Unformatted text preview: ng n g Secur ity Plan Cr isis Manageme nt, Chapter 13 Facts Facts Emergency management may be defined as the process of preparing for, mitigating, responding to, and recovering from an emergency. Planning for emergencies must be part of any sport organization’s mission. Slips and falls are the #1 facility accident. What are some examples? What are some examples? ??????? Crisis Management Incidents Crisis Management Incidents Power blackout Sars threat – 10 billion in costs Terrorist attack Violent customer (OSHA) Suspicious package Death of a customer Electronic Fund Transfers (EFT’s) not processing on a given day 50% of employees do not show up on a given day Hurricane Disaster Plans •Crisis Team, Preparation, Shelters •Control Hotline, Emergency phones •Emergency generators, supplies, etc. •Recovery Plans-feeding, clean-up Crisis Management Crisis Management Why is it important? Prevent lost lives Continue business Protect investors Reduce liability 3 essential questions 3 essential questions Did you take reasonable precautions to prevent the crisis? 2. Were you prepared to respond? Was the response inappropriate? 3. How will you meet your customers’/employees’ needs if the facility was inoperable? 1. Types of Emergencies Types of Emergencies Localized medical emergencies Mass casualty situation (fire department, Spectator who suffers a heart attack Involves emergency medical service 911, police department) Catastrophic event (state police, national guard, national agencies; FEMA; Red cross) Bleacher or stadium collapse or building fire Involves various local agencies Earthquake during the World Series game Involves various local, state & national agencies Types of Risks: Types of Risks: Internal Threats Drug and alcohol usage Labor disputes Low employee morale Legal disputes Loss of workforce Employee injuries Patron injuries Workplace violence Succession planning White collar crime Low inventory Theft External Threats Civil Unrest Tornado Espionage Missed deliveries Fire Flooding Govt. regulations Terrorism Environmental Hazards Poor media image Weather concerns Low supplies Lightning Firewalls Phone outage Informational Technology Threats Informational Technology Threats System failure Viruses Hardware failure Software malfunction Service provider problems Lost files Corrupt files Fire Wall Sample Threat Matrix Sample Threat Matrix Minor Medium Likely Possibl Unlikely e B A E G D CF Significant A – A bad case of athlete’s foot is reported in the locker room B – A player has been stealing from other players C – A hail storm hits during a tournament D – Cars are broken into in the parking lot during an event E – A person breaks their leg during an event F – A spectator slips on the sidewalk and is injured G – Lightning strikes during the event First Aid station Base medical stations Roving medics Emergency transportation Automatic external defibrillators Used for sudden cardiac arrest American Heart Assoc. says between 250,000 & 350,000 people die from cardiac arrest The single most important determinant to survival is the time from collapse to defibrillation. Each minute of delay decreases the chance of survival by 7 to 10%. The City of Coral Gables passed Ordinance 2007­21 regarding defibrillators in buildings. The Ordinance requires that defibrillators be installed in buildings within the City as follows: •Places of public assembly •Office buildings in excess of 20,000 sf •Gymnasiums, fitness centers, and indoor recreational centers in excess of 1,500 sf •Restaurants with more than 100 seats, indoor or outdoor •Commercial and retail spaces in excess of 35,000 sf •All hotels and motels •The Ordinance has inspection, installation, and training requirements. DEADLINE: All owners of existing buildings must comply with this ordinance within 180 days (early February, 2008), and all new buildings under construction should comply immediately... Agencies Agencies Federal Emergency Management Agency (FEMA) American Red Cross Occupation Safety & Health Administration (OSHA) United States Code Service Fire & Police depts. 9 Steps 9 Steps 1. 2. 3. Building a crisis management team (the team should be your senior members, decision makers; CEO, Facility manager, ) Information gathering: before, during and after each event Examining and ranking potential threats to prioritize response options 9 Steps contd. 9 Steps contd. 1. Developing specific plans of action What if it What if it is serious? OSHA Requirements OSHA Requirements Minimum requirement for an emergency action plan Minimum Procedures for reporting a fire or other emergency Procedures Procedures for emergency evacuation and exit route Procedures assignments assignments Procedures to be followed by employees who will be left to Procedures operate critical equipment before they are forced to evacuate evacuate Procedure to account for all employees (and patrons) Procedures to be followed by employees performing rescue Procedures and medical duties Power outage is the common disaster businesses face • • • • • • • • • • Sample Blackout Planning Sample Blackout Planning Regularly examine plans Does the plan examine both local and regional outages? Does the plan cover weather related outages versus a car crashing into a utility pole? Are any proposed alternate sites on the same power grid? Can the event function without out of towners who might be stranded at airports? Have you stockpiled food, water, medical supplies, flashlight, radio, batteries etc.? Have you installed and tested a gas powered generator? If computers are critical do they have their own uninterrupted power supply? Do you have business interruption insurance? Have you entered into a power renal contract to purchase power from an external supplier? Minimum requirements for a Fire Prevention Plan Fire A list of all major fire hazards Proper storage and handling procedures for hazardous Proper materials materials An inventory of all the fire prevention equipment and An where they are stored where Procedures for accumulating, storing, and disposing Procedures combustible materials combustible Procedure for regular maintenance of safeguards on Procedure equipment that generate heat equipment Who is responsible for maintaining heat generating Who equipment or controlling fuel source hazards equipment 9 Steps Contd. 9 Steps Contd. 1. 2. 3. 4. 5. Implementing the plan in a controlled environment. Dealing with the psychology and the trauma associated with a disaster. Crises management needs money. Preparation and execution – communication to staff Continuity management Crisis Documentation includes: Crisis Documentation Property contracts & operational records Accounting/tax records Current personal records Client records Financial records Insurance policies Critical reports Necessary manuals Critical computer files And any specially developed software that can be easily reproduced Phone Center Phone Center After a tragedy, family and friends will try to locate people Critical to have several phone lines available Counselors can also be called in to talk with family members. Policies need to be developed to prevent disclosing certain information Elements Inherent in a Continuity Elements Inherent in a Continuity Management Program 1. 2. 3. 4. 5. 6. 7. 8. Risk management Disaster recovery Supply chain management (with vendors) Health and safety management Knowledge management Emergency management Security protocols Crisis communication and public relations ...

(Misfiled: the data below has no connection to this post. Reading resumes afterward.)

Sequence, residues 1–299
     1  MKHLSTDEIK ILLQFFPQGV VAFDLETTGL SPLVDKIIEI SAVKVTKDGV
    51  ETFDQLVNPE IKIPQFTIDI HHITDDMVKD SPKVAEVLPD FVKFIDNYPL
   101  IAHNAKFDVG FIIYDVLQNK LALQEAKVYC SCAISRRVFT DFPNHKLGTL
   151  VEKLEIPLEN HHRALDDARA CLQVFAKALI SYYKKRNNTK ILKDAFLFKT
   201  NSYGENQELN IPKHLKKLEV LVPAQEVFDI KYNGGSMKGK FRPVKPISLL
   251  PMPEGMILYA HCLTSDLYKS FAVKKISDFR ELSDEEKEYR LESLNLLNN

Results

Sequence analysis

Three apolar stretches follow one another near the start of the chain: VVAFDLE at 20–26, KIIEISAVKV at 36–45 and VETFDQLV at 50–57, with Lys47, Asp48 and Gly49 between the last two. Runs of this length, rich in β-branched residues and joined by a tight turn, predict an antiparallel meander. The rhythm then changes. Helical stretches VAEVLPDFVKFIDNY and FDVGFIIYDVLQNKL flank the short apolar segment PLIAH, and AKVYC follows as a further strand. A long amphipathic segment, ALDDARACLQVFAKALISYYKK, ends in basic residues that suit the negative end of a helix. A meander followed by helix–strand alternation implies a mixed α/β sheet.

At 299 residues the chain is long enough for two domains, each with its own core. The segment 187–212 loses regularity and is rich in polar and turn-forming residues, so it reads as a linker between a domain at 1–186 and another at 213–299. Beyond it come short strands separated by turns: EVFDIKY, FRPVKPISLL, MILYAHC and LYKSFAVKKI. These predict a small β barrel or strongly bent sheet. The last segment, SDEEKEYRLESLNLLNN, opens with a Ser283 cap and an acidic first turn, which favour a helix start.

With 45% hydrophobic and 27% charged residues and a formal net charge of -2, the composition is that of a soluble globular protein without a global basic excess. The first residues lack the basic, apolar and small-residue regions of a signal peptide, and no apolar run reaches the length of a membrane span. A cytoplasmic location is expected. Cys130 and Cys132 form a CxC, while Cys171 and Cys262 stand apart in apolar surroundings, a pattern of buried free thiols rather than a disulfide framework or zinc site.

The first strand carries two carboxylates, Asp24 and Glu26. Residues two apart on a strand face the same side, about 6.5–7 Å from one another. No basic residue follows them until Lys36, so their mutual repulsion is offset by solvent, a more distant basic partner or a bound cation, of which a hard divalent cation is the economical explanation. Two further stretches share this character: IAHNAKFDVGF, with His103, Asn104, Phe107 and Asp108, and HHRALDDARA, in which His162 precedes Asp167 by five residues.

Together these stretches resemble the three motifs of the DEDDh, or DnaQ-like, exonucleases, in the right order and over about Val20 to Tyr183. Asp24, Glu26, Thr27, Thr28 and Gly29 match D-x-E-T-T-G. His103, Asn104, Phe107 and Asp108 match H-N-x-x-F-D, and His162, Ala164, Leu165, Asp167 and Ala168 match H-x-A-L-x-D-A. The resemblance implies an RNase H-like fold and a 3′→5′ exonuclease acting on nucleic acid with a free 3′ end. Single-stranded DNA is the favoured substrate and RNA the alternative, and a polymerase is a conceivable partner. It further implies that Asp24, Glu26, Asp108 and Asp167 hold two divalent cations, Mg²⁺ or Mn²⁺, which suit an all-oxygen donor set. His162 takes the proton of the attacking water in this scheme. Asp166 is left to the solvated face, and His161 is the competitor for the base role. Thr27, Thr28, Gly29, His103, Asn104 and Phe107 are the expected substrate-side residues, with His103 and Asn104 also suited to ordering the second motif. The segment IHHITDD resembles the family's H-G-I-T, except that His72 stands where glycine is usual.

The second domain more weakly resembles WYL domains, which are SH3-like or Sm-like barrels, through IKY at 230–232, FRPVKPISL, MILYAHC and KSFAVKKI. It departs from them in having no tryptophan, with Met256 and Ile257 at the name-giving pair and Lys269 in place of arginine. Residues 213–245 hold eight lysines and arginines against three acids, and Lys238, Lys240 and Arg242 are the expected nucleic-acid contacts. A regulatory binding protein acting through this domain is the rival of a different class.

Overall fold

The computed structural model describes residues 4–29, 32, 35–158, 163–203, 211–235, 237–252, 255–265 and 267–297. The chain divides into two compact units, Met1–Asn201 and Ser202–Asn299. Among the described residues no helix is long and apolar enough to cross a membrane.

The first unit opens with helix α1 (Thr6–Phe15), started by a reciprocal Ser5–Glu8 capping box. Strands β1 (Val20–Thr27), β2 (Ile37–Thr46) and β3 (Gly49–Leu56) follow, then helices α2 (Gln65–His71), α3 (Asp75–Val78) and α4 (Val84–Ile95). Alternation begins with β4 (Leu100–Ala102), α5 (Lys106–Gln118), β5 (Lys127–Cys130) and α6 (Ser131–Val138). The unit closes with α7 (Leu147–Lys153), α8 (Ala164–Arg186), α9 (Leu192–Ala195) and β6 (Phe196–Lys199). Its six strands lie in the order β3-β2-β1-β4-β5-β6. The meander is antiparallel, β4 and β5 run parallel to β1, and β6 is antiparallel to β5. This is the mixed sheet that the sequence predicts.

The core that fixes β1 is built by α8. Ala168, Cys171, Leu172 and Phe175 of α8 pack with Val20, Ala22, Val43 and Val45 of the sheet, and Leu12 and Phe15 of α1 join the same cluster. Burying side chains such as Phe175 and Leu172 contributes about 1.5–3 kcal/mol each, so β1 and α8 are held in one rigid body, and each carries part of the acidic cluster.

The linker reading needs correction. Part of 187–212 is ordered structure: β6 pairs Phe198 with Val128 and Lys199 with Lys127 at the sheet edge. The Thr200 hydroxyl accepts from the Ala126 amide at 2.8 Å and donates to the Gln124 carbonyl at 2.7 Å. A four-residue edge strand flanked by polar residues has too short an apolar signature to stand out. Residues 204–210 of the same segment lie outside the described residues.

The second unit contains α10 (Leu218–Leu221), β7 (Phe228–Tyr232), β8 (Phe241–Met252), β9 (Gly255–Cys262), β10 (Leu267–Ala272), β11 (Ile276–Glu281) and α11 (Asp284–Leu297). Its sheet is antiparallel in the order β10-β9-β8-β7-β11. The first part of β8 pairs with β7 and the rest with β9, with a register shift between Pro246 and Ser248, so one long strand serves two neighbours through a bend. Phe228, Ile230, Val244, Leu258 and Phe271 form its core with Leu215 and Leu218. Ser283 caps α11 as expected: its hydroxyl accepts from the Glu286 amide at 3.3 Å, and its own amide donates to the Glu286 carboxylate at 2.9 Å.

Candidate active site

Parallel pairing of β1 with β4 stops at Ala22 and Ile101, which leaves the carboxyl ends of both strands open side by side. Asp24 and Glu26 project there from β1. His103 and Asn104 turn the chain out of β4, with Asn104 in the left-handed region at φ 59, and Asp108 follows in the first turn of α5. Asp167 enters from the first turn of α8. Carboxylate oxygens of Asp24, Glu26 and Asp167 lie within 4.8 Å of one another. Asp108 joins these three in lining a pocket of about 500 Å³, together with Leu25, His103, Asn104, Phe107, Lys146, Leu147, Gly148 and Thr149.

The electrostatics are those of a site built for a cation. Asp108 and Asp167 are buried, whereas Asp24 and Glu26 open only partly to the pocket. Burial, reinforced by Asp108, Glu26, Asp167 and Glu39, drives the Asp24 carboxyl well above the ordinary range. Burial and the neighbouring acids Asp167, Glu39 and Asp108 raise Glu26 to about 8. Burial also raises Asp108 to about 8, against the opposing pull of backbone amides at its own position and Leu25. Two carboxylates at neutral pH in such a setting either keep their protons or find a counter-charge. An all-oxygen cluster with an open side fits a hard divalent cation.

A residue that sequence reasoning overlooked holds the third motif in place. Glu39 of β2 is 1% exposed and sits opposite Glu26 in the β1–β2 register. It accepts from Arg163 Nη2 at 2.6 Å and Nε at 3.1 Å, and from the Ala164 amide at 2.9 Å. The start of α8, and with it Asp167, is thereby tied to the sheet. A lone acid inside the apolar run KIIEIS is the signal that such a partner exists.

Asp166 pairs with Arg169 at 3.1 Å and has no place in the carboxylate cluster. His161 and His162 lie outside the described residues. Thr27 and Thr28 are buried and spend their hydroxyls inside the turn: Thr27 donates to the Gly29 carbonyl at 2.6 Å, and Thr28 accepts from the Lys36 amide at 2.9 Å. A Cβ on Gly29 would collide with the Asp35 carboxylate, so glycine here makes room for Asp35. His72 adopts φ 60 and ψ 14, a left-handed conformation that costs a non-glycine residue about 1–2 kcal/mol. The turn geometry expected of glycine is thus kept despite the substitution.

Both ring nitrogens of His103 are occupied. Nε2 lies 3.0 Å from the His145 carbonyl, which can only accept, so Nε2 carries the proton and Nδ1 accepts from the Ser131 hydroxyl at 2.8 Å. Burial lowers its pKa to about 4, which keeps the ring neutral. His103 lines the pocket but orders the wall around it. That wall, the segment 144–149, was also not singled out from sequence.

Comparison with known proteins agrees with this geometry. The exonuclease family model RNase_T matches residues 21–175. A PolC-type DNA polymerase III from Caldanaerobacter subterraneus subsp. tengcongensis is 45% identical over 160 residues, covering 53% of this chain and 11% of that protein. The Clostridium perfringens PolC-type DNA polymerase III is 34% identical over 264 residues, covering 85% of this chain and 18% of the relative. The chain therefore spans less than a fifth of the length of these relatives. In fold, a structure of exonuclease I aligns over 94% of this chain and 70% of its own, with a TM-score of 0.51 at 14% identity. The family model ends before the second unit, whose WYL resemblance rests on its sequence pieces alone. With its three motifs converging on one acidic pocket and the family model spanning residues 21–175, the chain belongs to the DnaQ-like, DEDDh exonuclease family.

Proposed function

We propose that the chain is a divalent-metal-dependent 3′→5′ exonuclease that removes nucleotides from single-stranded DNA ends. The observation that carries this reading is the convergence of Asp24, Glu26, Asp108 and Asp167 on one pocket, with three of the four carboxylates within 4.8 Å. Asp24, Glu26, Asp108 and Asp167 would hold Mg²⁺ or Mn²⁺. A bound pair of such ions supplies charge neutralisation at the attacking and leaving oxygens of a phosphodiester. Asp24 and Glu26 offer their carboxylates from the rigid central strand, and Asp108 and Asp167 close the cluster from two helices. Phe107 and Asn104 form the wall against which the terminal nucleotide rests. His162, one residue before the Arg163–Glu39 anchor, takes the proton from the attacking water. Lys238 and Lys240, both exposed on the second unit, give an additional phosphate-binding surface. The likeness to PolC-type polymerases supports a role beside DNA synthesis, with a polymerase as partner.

View Full Document

This note was uploaded on 02/15/2011 for the course KIN 206 taught by Professor Duboard during the Fall '10 term at University of Miami.

Ask a homework question - tutors are online